What′s New in dotTrace

This page guides you through notable updates in recent dotTrace releases. Highlights include support for Visual Studio / JetBrains Rider and simplified profiling of async code.

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Native profiling of Mono and Unity applications

Native profiling of Mono and Unity applications 2020.2

Both standalone dotTrace and dotTrace in Rider can profile the native part of Mono/Unity applications on Windows. Start a session with the ‘Enable native profiling’ option selected, and you’ll see both native and managed call stacks in the performance snapshots.

Support for ARM64 architecture

Support for ARM64 architecture 2020.2

The dotTrace command-line profiler for Linux (any distribution with GLIBC_2.23 or later) lets you profile applications on ARM64 systems.

Other improvements

Other improvements 2020.2

  • The profiler lets you control the profiling session (take snapshots, detach from the profiled process, and so on) by sending commands to stdin or a file.
  • The new self-profiling API (the API that lets applications initialize and start a profiling session by themselves) is much easier to use. The self-profiling API is distributed as a NuGet package.
Improved Linux and macOS support

Improved Linux and macOS support 2020.1

  • Now, you can profile .NET Core applications on macOS and Linux using the Tracing profiling mode. To do this, you should use either JetBrains Rider or dotTrace command-line profiler.
  • Now, you can attach the profiler to running processes on Linux.
Next Important Call

Next Important Call 2020.1

Now, you can navigate through Call Tree using the Next Important Call action. Press Ctrl+Shift+Right and dotTrace will navigate you to a node that is most relevant for further analysis (for example, a node with high own execution time).

The feature is available in dotTrace Standalone (both Performance Viewer and Timeline Viewer), in Visual Studio, and JetBrains Rider.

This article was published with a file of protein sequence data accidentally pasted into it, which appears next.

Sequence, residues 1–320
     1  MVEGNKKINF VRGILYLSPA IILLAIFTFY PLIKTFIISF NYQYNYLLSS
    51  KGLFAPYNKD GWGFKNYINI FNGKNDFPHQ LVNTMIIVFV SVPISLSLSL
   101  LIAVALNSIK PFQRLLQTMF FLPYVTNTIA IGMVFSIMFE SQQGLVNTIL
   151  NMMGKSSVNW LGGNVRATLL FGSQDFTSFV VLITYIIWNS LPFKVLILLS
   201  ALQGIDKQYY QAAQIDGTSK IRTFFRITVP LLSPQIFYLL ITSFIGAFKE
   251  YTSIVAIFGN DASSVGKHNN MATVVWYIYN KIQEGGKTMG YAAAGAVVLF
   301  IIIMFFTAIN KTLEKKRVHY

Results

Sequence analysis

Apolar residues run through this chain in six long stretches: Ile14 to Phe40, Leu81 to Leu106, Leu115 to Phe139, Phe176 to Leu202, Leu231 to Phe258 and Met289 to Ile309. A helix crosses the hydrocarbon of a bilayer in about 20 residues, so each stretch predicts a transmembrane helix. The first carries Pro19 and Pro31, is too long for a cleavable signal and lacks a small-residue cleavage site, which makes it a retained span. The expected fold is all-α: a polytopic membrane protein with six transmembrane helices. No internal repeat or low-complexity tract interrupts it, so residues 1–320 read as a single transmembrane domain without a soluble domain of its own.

Support for .NET Core on macOS and Linux

Support for .NET Core on macOS and Linux 2019.3

dotTrace 2019.3 supports sampling profiling of .NET Core projects on Linux and macOS. Note that only projects targeting .NET Core 3.1 are fully supported. Because of some .NET Core limitations, profiling of projects targeting .NET Core 3.0 or earlier may have some issues: in rare cases, the profiled application may hang or crash.

To profile .NET Core applications on Linux and macOS, you should use JetBrains Rider or dotTrace command-line tools.

Command-line profiler on macOS and Linux

Command-line profiler on macOS and Linux 2019.3

The command-line profiler finally comes to macOS and Linux. dotTrace.sh has the same functionality as its Windows counterpart and is distributed as a .tar.gz archive and as a NuGet package.

Call tree flame graph 2019.3

Find slowest methods in just a glance with the call tree flame graph. Note that the graph is available only in the Timeline Viewer.

Timeline filters in Rider

Timeline filters in Rider 2019.2

dotTrace in Rider gets the full set of Timeline filters making it easier to analyze Timeline profiling snapshots in place.

Support for macOS and Linux in JetBrains Rider 2019.1

If you use JetBrains Rider, you can run dotTrace on macOS and Linux to profile Mono and Unity applications.

Profiling Mono and Unity applications

Profiling Mono and Unity applications 2019.1

dotTrace lets you profile Mono 5.10 or later and Unity 2018.3 or later applications on Windows, macOS, and Linux.

JetBrains Rider integration 2018.3

In addition to Visual Studio, now dotTrace is a part of the JetBrains Rider IDE on Windows. You can configure and run profiling sessions, get snapshots, and analyze them in the built-in viewer.

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